The mood board for Erdem's Resort collection featured photos of Tippi Hedren and Eva Marie Saint, but they were outnumbered by images of the Viennese actress Romy Schneider. "This is my brunette collection," the designer said with a laugh. "Visconti trumps Hitchcock." If by that statement he meant to convey a knowing European worldliness, then the choice of Guinevere Van Seenus—blonde though she is—as the model for his lookbook made perfect sense. Now a woman in her mid-thirties, she could pass for a contemporary re-edition of Schneider's own style. "Eerily composed" is the way Erdem put it.

That same quality describes his own work. Never one with a flair for the casual, his signature look is as coolly put together as a classic cocktail dress. But Erdem has always managed to inject a hint of the unhinged as well, in the color and fabric combinations or the intensity of his prints. That came to such a head in his spectacular Fall collection that there was inevitably more restraint with his new outing. There was, for instance, complete control in the knee-length dresses, some with full slips or with decorously covered belts emphasizing the waist (the standout in a tomato red cotton jacquard with a keyhole back). The same could be said of the stretch neoprene pants with their overlay of navy lace, matched to a trim, tiny-buttoned blouson with a lace yoke. On the other hand, the quality that Erdem calls his "not-rightness" was strikingly embodied by a trench with a top half in a subtly ragged houndstooth that dissolved at the waist into rubberized, stone-colored cotton. "Literally transitional to match the season," said the designer.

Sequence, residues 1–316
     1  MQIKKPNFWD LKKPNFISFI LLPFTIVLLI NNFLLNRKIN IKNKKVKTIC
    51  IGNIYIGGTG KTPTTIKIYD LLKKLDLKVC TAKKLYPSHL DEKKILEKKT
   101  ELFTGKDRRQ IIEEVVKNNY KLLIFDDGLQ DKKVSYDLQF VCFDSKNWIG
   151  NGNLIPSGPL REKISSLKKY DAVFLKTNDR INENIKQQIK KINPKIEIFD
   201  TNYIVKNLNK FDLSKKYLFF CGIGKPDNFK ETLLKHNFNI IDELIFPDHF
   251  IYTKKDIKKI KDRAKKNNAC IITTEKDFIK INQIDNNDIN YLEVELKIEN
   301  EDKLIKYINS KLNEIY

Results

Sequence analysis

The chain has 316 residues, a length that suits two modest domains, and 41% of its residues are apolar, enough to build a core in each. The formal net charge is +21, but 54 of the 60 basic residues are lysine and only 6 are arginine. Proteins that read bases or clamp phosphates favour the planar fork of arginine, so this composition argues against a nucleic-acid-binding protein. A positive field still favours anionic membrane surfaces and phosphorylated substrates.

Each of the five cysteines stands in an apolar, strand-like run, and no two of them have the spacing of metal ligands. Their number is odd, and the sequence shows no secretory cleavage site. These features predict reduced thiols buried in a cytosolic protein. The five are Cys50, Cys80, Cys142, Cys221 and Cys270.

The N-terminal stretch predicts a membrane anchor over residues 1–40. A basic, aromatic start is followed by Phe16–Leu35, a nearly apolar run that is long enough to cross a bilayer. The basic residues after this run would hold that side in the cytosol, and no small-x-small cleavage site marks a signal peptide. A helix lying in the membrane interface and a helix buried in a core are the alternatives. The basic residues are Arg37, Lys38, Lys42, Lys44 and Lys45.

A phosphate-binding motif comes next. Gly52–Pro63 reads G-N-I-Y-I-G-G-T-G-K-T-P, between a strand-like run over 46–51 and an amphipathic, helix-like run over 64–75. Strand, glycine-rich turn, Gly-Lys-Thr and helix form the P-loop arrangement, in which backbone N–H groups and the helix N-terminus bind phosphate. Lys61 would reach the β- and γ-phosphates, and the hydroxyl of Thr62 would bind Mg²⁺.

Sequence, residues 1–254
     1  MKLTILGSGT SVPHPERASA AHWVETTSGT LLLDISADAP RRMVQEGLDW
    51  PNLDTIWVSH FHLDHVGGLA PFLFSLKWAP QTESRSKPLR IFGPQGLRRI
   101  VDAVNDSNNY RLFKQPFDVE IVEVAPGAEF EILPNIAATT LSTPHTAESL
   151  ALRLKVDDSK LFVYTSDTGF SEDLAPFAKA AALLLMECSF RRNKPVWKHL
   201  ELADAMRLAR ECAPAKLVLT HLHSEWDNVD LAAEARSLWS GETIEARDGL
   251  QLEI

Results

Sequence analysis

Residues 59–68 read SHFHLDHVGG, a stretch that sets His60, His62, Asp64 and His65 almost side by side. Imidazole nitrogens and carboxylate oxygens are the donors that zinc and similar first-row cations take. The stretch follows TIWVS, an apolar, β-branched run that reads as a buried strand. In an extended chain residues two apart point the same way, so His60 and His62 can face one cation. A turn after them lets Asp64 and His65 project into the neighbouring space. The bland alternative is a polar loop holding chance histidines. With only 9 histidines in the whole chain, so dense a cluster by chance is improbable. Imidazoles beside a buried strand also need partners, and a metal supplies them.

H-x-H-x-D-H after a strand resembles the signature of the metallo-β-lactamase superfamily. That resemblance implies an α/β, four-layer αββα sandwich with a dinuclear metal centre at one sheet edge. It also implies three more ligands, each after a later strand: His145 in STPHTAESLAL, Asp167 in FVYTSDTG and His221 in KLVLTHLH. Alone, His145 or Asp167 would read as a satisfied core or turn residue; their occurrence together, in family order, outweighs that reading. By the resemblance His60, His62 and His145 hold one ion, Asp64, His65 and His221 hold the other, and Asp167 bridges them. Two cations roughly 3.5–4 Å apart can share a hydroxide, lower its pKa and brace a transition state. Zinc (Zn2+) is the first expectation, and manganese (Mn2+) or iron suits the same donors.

He used the houndstooth in a shift backed in a light silk crepe with a neoprene feel. It was the simplest expression of Erdem's heightened emphasis on the body, which ran all the way to a bustier dress in a glazed stretch cotton lined in girdle fabric. Hard to believe there was a time when all that was missing from an Erdem collection was sex. No longer. A muted eroticism is now one of his calling cards. The draped back revealing the nape of the spine, the scarf points hanging languidly off a floral sheath, the cherry lace infecting a navy gown, also in lace—all these were symptoms of the subtle heat that pulsed at the heart of the collection. They made it easy to see why this designer has won so many other hearts. "Eerily composed" his work may be, but there's devilry in his decorum.